Last year (catching up on blogging!) we had the opportunity to do a tour with a bunch of home ed families to an awesome place called
Purple Pear Organic Farm. It’s an amazing place that provides food to about 40 families every week, as well as feeding themselves of course. The provide work for WOOFers, and also run permaculture courses. The vibe was so amazingly friendly and informative, and I was amazed at the attentiveness of the kids. They soaked it up, mud puddles and all. 🙂
It was especially exciting for Molly, who dreams of living on a farm one day!
The owner of the farm doing “the talk” and pointing out their motto.
He provided such helpful information and was able to answer everyone’s queries, and his passion for what he does was obvious. He also seemed to accept that the children would sometimes listen… and sometimes not. And that was ok.
Sometimes we all just wanted to explore the beautiful environment
The kids enjoyed learning about the farm animals the most
Especially ones as cute and cuddly as this!!! I think he had a VERY full tummy once the kids had finished with him. It was fascinating to see the way they used the guinea pigs on the farm. They had constructed cages/runs that were the width of the pathways in the areas where there were straight garden beds. They would move the cage along, so that the guinea pigs would keep the grass short. They obviously still had room left over for the consumption of flowers!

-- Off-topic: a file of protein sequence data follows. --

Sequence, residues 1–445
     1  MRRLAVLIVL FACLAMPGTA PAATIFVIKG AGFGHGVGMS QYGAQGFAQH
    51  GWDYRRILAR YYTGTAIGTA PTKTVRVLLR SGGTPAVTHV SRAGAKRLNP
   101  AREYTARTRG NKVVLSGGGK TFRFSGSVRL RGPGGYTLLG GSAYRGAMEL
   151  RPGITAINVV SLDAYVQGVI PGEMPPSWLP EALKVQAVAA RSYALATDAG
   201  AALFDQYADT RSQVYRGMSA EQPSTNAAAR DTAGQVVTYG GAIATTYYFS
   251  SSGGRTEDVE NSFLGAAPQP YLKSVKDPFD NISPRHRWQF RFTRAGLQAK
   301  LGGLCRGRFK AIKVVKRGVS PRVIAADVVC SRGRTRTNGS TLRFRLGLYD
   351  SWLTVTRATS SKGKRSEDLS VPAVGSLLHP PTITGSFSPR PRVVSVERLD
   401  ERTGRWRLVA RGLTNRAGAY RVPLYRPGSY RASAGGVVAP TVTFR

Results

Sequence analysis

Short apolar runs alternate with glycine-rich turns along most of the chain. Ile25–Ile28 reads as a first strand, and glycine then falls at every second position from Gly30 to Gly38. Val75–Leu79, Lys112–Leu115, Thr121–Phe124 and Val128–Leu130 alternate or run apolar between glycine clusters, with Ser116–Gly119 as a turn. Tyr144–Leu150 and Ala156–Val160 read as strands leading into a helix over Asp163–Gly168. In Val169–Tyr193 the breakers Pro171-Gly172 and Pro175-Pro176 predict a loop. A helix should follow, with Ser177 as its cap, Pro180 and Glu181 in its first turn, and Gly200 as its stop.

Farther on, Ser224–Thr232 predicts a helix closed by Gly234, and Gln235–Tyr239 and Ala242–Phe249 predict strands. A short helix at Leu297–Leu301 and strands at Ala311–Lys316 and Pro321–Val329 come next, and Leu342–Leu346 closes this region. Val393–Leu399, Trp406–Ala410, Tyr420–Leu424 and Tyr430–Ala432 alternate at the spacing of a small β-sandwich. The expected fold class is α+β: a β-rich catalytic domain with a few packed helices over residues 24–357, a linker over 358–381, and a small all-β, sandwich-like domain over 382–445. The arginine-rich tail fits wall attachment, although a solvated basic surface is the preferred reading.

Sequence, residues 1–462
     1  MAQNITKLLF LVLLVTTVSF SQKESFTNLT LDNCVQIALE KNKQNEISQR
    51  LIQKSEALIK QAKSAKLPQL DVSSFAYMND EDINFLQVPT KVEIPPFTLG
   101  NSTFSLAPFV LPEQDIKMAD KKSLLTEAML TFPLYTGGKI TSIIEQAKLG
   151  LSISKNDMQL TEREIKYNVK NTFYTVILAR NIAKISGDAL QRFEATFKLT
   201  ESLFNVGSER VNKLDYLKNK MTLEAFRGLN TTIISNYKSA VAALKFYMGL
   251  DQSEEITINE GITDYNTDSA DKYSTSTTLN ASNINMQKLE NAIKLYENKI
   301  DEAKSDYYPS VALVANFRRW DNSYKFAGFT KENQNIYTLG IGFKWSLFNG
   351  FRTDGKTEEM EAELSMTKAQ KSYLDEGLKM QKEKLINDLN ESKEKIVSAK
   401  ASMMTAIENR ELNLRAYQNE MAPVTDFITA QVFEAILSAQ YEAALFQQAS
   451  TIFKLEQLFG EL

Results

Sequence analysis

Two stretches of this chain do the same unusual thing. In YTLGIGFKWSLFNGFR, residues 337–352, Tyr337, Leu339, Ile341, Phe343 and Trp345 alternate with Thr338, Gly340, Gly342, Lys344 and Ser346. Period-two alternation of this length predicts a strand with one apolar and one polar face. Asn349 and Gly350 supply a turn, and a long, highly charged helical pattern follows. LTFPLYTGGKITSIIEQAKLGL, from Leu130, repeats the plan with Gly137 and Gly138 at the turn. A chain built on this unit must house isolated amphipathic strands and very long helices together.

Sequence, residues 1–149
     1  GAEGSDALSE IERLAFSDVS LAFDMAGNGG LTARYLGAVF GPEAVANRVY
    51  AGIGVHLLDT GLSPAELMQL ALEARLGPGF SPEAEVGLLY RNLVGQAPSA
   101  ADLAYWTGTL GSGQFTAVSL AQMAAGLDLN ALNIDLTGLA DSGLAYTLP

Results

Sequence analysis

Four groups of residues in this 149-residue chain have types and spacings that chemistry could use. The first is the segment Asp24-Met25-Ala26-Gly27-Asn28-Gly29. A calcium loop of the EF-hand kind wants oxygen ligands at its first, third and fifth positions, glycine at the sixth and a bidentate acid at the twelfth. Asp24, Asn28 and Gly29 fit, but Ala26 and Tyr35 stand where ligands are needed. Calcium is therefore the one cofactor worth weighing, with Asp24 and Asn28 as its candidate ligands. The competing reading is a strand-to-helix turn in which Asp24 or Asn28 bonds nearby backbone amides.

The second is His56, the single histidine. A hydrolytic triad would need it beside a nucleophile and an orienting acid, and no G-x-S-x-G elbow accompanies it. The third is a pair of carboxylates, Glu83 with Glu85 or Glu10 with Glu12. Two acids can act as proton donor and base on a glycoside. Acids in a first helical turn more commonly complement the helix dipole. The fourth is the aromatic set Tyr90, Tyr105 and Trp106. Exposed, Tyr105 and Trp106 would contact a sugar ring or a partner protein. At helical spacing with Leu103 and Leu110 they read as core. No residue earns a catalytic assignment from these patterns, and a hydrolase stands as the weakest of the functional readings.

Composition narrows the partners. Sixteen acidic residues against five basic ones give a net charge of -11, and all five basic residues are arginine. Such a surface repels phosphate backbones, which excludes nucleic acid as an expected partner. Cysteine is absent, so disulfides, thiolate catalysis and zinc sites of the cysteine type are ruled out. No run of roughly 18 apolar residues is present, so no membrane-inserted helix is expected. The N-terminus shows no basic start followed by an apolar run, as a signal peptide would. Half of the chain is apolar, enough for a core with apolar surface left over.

I don’t think the dog was quite so interested in eating the flowers!
…. but Declan certainly was!
One of the main features of the Purple Pear farm is the use of chook domes in the mandala garden. I imagine they would only be suitable for a temperate climate, though!
Here is one of the circle gardens in the mandala system. It’s been harvested, and is about to have a chook dome placed over it, so the chooks can eat up whatever is left plus any bugs & other insects that might cause a problem for the next crop (and turn it all into lovely eggs and fertiliser of course)
This chook dome (they have many) is being used to turn a patch of grass into a brand new veggie bed. It’s such an awesome interaction of the elements, and a system that seems to work brilliantly. I love how the chooks in particular are such an essential part of the system, and seem to bring it all together somehow. They seem to have an intrinsic role in many of the elements of the farm.
I feel so incredibly blessed that we get to go to such interesting places with such great friends – both kids AND parents. Just another example of that “non-socialising” that home ed families are accused of. 🙂